The Yanomamis are the inhabitants of the remote forest of the Orinoco River basin in southern Venezuela and the few scattered parts of the Amazon River basin in northern Brazil. For centuries, the Yanomami have inhabited a vast area of pristine forest and large, meandering rivers on the border between Brazil and Venezuela, living off fishing, hunting and fruit gathering.

After gold was found on this tribal land during 1980s, the pristine forest area has become a curse to the indigenous Yanomami people. Ever since the discovery of gold, rigorous trespassing happened on this indigenous people land and more than 40,000 illegal miners have invaded Yanomami lands in successive waves, bringing destruction and genocidal violence.

Known locally as garimpeiros, the number of illegal both loggers and miners has been increasing, even though the Yanomami territory is a nationally protected area where mining is banned. Several activist groups around the world continue to raise their voices against the inadequate health services, political violence, economic exploitation, and tourism on the Yanomami land. Social and cultural rights agencies request the governments to uphold the UN Declaration on the Rights of Indigenous Peoples, a comprehensive international instrument on the rights of indigenous peoples adopted by the General Assembly in 2007.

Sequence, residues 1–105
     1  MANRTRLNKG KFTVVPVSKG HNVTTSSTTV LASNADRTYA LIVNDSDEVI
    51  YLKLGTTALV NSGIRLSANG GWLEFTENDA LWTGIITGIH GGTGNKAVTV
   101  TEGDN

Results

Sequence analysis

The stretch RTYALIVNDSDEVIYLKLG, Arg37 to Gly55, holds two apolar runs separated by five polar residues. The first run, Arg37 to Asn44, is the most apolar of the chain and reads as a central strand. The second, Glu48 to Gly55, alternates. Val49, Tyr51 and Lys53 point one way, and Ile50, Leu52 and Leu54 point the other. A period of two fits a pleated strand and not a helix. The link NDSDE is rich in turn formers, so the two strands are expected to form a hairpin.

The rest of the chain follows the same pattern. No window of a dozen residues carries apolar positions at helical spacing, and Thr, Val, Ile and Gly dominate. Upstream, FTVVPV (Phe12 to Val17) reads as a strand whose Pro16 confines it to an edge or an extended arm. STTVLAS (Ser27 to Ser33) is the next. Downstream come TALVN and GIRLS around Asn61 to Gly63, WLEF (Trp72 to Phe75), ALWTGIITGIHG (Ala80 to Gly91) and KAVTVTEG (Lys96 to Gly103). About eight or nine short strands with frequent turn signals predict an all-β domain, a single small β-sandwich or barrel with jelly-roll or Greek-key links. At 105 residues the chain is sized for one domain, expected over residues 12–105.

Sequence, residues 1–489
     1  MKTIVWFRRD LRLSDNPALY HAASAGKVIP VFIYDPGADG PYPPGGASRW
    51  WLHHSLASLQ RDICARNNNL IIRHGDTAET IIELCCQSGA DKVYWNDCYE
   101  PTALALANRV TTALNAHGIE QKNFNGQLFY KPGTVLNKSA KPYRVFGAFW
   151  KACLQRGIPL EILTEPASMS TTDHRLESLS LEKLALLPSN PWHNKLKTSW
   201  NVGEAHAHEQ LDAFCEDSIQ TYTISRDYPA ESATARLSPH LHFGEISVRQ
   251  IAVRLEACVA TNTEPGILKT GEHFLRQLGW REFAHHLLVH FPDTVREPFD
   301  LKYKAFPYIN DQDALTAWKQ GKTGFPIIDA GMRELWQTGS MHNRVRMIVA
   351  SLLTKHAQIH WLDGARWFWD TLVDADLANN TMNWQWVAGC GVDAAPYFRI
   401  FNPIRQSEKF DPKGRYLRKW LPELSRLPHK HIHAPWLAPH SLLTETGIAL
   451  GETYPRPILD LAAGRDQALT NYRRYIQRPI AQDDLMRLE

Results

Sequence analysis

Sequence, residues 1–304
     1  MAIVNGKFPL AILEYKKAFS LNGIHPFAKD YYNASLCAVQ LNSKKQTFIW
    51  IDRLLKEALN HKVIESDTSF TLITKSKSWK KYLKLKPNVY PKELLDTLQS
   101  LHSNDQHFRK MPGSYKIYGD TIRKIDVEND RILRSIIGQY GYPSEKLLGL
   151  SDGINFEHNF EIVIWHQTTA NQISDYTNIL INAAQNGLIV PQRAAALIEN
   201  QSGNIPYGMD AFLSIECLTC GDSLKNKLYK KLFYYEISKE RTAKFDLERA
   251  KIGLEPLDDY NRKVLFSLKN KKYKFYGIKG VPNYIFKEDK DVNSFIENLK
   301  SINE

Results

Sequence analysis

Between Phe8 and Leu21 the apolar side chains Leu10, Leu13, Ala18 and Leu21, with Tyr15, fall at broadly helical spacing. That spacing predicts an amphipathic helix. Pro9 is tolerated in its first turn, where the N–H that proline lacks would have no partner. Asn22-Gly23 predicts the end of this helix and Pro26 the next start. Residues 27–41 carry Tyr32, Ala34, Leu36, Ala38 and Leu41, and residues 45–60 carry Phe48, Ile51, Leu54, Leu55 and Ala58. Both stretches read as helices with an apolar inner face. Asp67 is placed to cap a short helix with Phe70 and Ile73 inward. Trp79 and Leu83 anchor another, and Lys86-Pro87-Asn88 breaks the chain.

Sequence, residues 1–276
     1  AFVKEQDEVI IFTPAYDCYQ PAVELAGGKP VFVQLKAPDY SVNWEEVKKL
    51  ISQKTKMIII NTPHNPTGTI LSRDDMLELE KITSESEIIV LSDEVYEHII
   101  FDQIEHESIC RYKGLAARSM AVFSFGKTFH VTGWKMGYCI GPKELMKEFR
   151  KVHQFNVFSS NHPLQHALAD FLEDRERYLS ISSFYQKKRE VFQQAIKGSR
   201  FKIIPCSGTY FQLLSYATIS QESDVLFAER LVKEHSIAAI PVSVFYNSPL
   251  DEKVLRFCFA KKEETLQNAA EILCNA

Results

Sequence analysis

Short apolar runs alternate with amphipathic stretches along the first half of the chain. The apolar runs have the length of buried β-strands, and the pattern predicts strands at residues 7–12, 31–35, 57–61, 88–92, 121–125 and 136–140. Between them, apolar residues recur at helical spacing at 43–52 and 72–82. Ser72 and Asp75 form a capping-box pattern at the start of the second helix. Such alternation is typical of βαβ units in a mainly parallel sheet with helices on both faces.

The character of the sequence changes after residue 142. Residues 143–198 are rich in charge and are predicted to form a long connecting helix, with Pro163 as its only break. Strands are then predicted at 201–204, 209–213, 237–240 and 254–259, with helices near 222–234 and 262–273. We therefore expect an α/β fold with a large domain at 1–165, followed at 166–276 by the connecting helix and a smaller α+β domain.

In the recent years, the world has witnessed shocking images of death and destruction of the Yanomami people and their lands. The Illegal miners have been poisoning rivers with mercury and wrecking the Amazon rainforest for years, bringing environmental and health issues which is putting the lives of most remote indigenous community of the world at the risk of extinction.